Built in 1940 as a French submarine chaser. (Very interesting story. More Swanage than Portland/Weymouth! (Clarke: GPS; 50 34.96N; 01 56.16W) & (LARN) See note, there is confusion with the CHASSEUR 5 details can be found in Farr: p100.

HMS Carentan – 1943


Built in 1940 as a French submarine chaser, she was commissioned as a Royal Navy vessel on 08/07/1940, but in 12/1942 was taken over by the Free French. She sank during a force 9 SW gale having capsized.  Wreck is owned by a Mr E Bennett who lifted the wreck and moved them to the charted position.  The wreck is considered dangerous since there are 20 depth charges remaining, as well as smoke canisters plus 75mm. & 40mm. ammunition in boxes and ready-use lockers.  One large gun has been removed from the wreck and was landed at Swanage Pier on 09/08/1989, but not by the owner.  In fact her guns were of a rare and unusual type, and the owner, Mr Bennett, was purchased the wreck on 17/09/1970, intended to donate her armament to the Imperial War Museum.  A diving team from HMS VERNON were requested to remove the hazardous armament but a report in 1990 still indicated that there were explosive mortars and depth charges around the stern.


407-ton French submarine chaser, taken over by Royal Navy at fall of France, built 1939. 116ft x 18ft. Armed with 75mm field gun, one 2-pounder, two 20mm Oerlikons, four machine guns and depth charges. Position: 50 34.95N; 01 56.18W. Depth: 32m.
Sunk: 21 December, 1943, when capsized in south-westerly gales off Anvil Point, Dorset, while escorting submarine HMS RORQUAL, Portland for Portsmouth. Six of Free French crew of 23 saved.
Diving: Owned by Swanage skipper Eddie Bennet, who has raised a big gun from bow. Both propellers lifted. Lies on port side on rock and slate bed. Hull has twist in middle. Parts of the superstructure remain, as does much ammunition.

EXCELLENT DETAIL IN WWW.WRECKSITE.EU – Following are notes from the site. carantan_01 - Copy 1

1 – Six of Free French crew of 23 saved

2 – Sydney H. Goodall, during World War 2. He died when the Carentan sank, one of three British Navy crew to die on this Free French Navy vessel.

3 – My grand uncle, Edouard CORVASCE died on the Chaser 5 “Carentan” December 21, 1943. He was born September 15, 1922, inMarseille, France. He was sailor (“matelot gabier”). He entered FNFL in july 1940, when he was 17 y.o. He was son of Savino CORVASCE (1885, Barletta, Italy – 1967,Marseille,France) and of Chiara ANNELLI (1885, Barletta, Italy – 1947, Marseille, France).


Note by Mike Marsh

Name(s): HMS Carentan.
Depth: 30m
Location: Swanage (1/4 mile east of Kyarra site)
Type: Wreck


Description: French submarine chaser, seized by British and later during WW2 handed over to the Free French. 120ft long with only 20ft of beam and perhaps carrying too much ordinance/weapons? (A heavy gun was bolted to the deck and many depth charges, some of which are still on site!) She capsized and sank on the 21st December 1943. while escorting the incoming British submarine HMS Rorqual in a storm.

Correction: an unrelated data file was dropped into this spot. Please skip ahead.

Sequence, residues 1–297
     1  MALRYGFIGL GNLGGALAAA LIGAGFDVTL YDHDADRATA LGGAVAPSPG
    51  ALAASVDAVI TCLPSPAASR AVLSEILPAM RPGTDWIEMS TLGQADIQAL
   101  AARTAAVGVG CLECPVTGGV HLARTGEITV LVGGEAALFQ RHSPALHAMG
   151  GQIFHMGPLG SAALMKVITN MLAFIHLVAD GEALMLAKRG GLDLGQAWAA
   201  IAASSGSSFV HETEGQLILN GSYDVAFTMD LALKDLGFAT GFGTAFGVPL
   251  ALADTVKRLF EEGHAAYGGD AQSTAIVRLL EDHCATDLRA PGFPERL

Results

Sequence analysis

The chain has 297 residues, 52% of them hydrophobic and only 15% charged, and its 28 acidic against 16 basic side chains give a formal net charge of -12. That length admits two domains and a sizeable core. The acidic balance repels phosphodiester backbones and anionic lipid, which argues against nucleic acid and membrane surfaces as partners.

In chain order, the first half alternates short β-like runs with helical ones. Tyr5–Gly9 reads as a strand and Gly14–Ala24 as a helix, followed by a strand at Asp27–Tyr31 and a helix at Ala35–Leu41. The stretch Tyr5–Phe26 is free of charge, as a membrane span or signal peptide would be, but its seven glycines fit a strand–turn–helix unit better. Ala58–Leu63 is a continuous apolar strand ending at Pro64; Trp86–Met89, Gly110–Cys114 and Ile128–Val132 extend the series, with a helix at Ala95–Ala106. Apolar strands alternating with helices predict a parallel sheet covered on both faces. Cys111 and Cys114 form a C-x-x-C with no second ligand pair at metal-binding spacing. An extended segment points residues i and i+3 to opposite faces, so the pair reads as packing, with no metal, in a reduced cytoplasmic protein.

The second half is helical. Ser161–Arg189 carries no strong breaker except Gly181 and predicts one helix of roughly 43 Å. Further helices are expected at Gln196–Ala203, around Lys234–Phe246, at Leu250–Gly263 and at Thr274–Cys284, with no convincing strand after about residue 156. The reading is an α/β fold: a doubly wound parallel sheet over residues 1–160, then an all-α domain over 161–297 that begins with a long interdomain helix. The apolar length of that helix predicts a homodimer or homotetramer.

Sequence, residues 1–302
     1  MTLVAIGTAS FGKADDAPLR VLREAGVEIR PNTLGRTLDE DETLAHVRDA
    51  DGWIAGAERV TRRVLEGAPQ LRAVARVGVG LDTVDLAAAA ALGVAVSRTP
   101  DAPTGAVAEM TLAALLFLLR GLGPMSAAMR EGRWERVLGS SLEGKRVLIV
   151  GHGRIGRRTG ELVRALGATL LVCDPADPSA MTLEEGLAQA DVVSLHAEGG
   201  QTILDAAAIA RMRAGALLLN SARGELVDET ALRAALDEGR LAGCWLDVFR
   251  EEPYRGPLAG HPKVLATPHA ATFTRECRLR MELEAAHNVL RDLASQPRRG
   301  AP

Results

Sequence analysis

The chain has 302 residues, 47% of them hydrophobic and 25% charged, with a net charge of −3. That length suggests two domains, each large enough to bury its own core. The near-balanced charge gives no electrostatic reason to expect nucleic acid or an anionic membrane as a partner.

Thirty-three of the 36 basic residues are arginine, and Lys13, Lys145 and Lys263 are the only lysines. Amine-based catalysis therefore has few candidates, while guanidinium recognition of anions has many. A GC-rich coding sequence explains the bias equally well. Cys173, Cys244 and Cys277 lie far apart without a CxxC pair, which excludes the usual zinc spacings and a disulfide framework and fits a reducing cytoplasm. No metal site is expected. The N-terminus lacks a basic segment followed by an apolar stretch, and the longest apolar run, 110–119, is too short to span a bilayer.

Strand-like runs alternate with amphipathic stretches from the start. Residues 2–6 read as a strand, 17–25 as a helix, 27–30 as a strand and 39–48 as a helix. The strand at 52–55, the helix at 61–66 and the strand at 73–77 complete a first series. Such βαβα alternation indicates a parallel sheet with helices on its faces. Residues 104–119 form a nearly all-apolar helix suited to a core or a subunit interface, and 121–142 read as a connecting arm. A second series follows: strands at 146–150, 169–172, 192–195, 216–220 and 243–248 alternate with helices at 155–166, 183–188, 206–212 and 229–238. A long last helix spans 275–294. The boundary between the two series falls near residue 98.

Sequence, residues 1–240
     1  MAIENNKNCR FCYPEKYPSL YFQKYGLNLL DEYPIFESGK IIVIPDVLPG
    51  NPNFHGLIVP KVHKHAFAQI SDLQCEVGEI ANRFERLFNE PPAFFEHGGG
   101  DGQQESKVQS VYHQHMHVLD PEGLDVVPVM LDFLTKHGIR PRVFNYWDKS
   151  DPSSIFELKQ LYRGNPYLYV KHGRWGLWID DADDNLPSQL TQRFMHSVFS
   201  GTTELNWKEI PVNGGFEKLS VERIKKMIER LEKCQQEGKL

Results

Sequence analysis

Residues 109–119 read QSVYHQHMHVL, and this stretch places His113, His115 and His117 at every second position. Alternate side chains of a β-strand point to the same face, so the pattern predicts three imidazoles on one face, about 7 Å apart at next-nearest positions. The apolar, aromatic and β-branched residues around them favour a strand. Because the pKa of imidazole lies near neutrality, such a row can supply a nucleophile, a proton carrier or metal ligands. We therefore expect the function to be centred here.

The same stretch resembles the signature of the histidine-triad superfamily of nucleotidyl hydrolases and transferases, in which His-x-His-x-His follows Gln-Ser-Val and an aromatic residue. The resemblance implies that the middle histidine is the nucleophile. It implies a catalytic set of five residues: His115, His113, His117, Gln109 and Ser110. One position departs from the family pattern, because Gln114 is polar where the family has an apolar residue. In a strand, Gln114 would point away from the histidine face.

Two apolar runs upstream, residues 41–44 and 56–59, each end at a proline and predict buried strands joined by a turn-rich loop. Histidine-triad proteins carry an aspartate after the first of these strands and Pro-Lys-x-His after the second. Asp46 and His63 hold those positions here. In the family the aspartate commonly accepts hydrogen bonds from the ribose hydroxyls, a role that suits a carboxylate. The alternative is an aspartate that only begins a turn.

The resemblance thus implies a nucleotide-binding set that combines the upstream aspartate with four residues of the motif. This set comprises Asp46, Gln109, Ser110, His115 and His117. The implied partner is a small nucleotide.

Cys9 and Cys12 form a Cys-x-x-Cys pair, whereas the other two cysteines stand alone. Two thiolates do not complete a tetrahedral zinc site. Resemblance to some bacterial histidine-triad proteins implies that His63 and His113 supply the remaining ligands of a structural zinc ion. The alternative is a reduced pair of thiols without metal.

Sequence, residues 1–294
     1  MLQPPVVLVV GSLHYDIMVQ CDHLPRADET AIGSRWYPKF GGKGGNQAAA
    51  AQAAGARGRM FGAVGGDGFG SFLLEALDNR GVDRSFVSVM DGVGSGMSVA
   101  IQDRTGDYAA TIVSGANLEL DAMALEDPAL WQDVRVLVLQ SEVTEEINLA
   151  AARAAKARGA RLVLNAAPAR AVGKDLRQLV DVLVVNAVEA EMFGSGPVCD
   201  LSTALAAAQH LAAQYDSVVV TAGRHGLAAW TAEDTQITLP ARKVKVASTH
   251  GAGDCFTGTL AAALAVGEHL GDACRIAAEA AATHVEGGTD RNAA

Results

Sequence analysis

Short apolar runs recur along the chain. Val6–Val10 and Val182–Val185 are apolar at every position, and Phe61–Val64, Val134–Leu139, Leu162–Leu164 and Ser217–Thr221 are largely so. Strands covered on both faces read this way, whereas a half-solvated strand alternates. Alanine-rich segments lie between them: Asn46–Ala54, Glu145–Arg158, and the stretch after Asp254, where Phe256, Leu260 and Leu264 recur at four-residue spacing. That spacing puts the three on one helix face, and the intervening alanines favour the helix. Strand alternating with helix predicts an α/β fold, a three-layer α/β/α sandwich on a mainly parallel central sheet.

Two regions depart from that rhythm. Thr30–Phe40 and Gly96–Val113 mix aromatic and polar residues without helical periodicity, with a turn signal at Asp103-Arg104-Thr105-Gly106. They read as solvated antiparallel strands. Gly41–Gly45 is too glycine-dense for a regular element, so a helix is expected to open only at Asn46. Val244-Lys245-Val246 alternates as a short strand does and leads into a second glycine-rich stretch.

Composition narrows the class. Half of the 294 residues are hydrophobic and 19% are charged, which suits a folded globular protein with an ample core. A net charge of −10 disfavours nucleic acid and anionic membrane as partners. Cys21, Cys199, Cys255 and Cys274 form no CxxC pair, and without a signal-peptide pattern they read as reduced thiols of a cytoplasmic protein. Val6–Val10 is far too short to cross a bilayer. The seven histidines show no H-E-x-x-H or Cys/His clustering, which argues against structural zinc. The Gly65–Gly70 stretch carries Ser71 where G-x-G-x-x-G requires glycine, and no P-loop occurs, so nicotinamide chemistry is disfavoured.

Only 6 of the 23 crew survived 1 being picked up by Rorqual and the remainder saved by the Swanage lifeboat from the upturned hull! The lifeboat crew returned to Swanage to get cutting gear from a local garage. then returned to the Carentan in a full gale to try to rescue the sailors trapped in the upturned ship. Unfortunately she had already slipped to her final resting place.

Lots of ammunition and ordinance on this wreck, including depth charges, so leave well alone!

This is a war grave. so please respect it as such.

‘In my youth I had the privilege of hearing first hand the tale of this wreck from “old hands” who were on the lifeboat which answered the call, very moving, and something that obviously had a deep effect on them.’

Mike Marsh.

Text by Mike Marsh.


LARN also lists the CHASSEUR 5 which is the report from Farr: p100:

This French motor gun boat was escorting a British submarine in heavy seas when she capsized three miles south of Durlston Head.  The submarine radioed the N.O.I.C.  (Naval Officer in Charge) at Poole who at about 10.30 a.m. requested the Swanage lifeboat to put out.  In an increasing SW gale and poor visibility, it took the lifeboat three-quarters of an hour to reach the scene, where they found and rescued three sailors clinging to the keel, two of whom were in a very shocked and exhausted condition.  Four others had meanwhile been rescues by the submarine using heaving lines, but 16 were still trapped within the vessel, some of the faces could be seen looking out of the portholes. With no tools to break into the hull and it utterly impossible to board the slippery upturned vessel, the situation was hopeless.  A suggestion that the submarine should ram it in an attempt to right her was considered too dangerous.  The life boat returned to shore for tools but later returned to find the vessel had sunk. The submarine was already on its way to Portland.

The Coxswain and his crew of five received letters of thanks from the Commander in Chief of the Free French Naval Forces, and after the war all received medals from the French Government.  The French lifesaving society (Société Centrale de Sauvetage des Naufragés) awarded Coxswain Robert Brown its silver gilt medal, and its bronze medal to Mechanic Alfred Chinchen and Bowman W. E. Nineham.

Day of Loss: 21

Month of Loss: 12

Year of Loss: 1943

Longitude: 50 34.96

Latitude: 01 56.16

Approximate Depth:

Aliases, aka: CARANTAN